5. Expert care: Book an appointment with a team of highly trained and highly equipped doctors near you and receive expert care.


What are the treatment options

If you are diagnosed with breast cancer, your treatment options will depend on several factors, including the type and stage of the cancer, your overall health, and your personal preferences. Common treatment options include:

  • Surgery: To remove the cancerous tissue from the breast.

  • Radiation therapy: To kill cancer cells using high-energy radiation.

  • Chemotherapy: To kill cancer cells using drugs.

  • Hormone therapy: To block hormones that can help some types of breast cancer grow.

  • Targeted therapy: To target specific proteins or genes that help cancer cells grow.

Many women with breast cancer will receive more than one type of treatment. Your doctor will work with you to develop the latest breast cancer treatment plan that is right for you.

Types of screening
Benefits of screening
Benefits of Vara
Treatment options
  • Is a mammogram painful?
    Depending on the size and shape of your breast, it can be a bit painful during the process due to the compression of the machine. However, our assistants are trained to make the procedure as comfortable as possible.
  • Why is ultrasound not used in some cases in addition to the mammogram?
    Ultrasound is important, for example, to further examine suspicious cases. However, according to the international guidelines, ultrasound usage is not recommended for average-risk women without symptoms as the primary imaging method. Doing more ultrasounds than medically required also increases the probability of “unnecessary biopsies” for healthy women. The anxiety of a biopsy, the pain and the costs should be avoided if possible. This is why centers that collaborate with Vara are advised to utilize ultrasound according to international guidelines.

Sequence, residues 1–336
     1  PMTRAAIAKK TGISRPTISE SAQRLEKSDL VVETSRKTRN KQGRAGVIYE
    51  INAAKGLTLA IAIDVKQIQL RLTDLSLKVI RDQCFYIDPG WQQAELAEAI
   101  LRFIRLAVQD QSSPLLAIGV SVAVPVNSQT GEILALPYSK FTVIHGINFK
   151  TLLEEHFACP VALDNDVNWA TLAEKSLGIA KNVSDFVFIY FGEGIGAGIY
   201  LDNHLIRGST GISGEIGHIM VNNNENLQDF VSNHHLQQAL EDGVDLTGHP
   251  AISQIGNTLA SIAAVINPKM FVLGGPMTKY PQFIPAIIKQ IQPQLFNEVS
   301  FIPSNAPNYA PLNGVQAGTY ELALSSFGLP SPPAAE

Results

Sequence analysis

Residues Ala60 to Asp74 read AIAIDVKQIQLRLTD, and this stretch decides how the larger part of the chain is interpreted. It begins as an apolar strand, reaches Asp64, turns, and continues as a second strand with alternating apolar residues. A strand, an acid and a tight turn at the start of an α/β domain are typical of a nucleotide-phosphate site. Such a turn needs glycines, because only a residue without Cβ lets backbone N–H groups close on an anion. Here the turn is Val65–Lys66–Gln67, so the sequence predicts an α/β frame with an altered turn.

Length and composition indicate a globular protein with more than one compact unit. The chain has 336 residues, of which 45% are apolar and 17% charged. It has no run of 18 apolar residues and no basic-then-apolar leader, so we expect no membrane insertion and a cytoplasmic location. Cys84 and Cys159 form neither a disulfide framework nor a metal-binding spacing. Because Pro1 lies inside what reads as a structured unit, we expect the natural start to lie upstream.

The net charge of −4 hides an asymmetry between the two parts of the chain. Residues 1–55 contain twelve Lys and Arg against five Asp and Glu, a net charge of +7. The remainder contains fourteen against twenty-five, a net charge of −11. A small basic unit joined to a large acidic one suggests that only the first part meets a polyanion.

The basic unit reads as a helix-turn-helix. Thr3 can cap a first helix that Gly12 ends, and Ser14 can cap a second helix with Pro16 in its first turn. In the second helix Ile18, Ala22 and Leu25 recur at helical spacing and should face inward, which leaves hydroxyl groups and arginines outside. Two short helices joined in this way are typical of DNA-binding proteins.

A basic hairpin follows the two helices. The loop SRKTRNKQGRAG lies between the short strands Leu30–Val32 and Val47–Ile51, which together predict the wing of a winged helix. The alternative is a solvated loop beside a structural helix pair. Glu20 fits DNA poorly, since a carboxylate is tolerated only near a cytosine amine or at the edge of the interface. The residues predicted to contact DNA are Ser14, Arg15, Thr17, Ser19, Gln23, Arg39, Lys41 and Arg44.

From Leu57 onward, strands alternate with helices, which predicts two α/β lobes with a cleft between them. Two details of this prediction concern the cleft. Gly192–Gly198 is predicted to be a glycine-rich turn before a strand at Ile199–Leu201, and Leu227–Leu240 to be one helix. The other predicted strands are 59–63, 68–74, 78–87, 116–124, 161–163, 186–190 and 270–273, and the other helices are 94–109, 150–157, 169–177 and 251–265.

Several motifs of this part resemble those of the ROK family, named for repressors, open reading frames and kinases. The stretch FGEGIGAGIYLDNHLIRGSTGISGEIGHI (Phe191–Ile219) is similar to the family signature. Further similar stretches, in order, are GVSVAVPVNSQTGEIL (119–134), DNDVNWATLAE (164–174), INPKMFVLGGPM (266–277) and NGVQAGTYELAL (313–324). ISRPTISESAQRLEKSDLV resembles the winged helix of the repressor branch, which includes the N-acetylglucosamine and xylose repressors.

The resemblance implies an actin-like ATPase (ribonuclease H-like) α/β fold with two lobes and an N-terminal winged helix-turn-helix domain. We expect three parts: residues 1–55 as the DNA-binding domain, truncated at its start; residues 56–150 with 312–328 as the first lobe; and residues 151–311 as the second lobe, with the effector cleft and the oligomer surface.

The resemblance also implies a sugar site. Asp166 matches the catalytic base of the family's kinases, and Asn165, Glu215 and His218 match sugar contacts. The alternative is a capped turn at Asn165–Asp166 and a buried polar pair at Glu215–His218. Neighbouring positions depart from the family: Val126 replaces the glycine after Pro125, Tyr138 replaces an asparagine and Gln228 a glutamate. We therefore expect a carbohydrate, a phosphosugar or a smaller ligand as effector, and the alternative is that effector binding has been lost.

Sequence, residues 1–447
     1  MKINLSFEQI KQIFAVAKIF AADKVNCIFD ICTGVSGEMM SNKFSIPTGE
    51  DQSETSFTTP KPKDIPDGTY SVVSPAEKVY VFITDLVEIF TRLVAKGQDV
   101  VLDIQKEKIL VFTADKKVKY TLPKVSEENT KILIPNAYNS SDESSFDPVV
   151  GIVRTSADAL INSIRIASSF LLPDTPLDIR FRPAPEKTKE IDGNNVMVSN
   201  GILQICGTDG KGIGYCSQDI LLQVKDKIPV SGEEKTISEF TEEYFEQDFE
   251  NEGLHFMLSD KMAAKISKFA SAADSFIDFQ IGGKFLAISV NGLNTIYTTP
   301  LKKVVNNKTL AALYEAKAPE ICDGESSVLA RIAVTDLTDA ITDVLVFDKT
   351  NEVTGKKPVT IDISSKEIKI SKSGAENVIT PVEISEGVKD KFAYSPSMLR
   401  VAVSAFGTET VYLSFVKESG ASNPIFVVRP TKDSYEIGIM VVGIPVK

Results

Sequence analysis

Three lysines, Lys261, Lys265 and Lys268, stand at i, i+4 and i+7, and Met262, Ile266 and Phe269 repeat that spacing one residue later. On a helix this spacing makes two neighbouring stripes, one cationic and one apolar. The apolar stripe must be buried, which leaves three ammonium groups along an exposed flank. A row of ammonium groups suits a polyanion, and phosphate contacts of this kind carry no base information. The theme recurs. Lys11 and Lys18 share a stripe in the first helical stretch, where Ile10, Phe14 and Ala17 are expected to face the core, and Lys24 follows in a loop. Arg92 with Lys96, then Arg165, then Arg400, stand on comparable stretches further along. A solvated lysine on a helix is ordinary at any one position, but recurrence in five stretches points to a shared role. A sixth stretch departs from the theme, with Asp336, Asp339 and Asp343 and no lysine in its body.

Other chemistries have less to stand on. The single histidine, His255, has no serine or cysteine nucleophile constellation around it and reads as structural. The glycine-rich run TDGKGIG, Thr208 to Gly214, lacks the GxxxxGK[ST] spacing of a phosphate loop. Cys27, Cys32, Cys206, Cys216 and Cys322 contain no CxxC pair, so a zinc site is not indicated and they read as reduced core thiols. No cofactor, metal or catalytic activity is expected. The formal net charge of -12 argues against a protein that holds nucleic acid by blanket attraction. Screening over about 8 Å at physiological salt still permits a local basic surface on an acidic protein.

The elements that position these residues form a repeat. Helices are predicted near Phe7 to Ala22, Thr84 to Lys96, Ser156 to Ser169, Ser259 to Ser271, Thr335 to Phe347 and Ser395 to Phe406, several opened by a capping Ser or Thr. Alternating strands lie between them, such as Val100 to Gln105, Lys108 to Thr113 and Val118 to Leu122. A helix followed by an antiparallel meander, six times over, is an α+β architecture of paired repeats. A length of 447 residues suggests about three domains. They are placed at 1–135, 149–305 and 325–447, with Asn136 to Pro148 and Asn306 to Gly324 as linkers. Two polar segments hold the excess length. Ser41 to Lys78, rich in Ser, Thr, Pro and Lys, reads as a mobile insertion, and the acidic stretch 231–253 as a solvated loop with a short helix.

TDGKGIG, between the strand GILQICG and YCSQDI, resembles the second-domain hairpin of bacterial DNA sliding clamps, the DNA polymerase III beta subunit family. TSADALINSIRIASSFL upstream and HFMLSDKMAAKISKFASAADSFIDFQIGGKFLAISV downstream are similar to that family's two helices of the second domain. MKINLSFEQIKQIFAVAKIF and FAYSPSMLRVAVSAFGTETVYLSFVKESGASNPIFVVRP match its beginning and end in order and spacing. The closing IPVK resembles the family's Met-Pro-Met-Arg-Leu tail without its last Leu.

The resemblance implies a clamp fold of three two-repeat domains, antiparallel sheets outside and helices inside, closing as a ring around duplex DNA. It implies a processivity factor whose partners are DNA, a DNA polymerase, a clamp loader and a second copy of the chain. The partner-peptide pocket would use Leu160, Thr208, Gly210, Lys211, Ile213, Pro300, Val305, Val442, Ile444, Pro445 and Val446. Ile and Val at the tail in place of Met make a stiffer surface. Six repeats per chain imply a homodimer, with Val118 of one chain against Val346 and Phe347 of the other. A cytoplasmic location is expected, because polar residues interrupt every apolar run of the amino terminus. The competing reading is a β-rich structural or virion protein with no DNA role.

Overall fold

• How should I prepare for a mammogram?
    Timing-wise, it is best to have a mammogram screening in the week after your menstrual period. If you had a mammogram scan before and have them as a copy or CD, then please bring them with you and tell the receptionist at the check-in. Moreover, don’t use a deodorant before you go for your appointment. Some particles in the deodorant could influence the image.
  • Is my insurance covering the mammogram?
    Please contact the Vara center directly to find out if you are eligible for partial or full insurance coverage.
  • Is breast cancer genetic?
    Yes, in some cases it could be. Your genes determine more than your blood type and physical features. They may also determine your risk for developing certain diseases, including cancer. Approximately 6 to 8 percent of all cases of breast cancers are likely to be hereditary.
  • Can I have a post-screening consultation with a doctor?
    Definitely! Our health navigators who are medically trained professionals will assist you with post mammogram test screening concerns and questions that you may have based on your reports and also guide you on next best steps if any are needed.

Frequently Asked Questions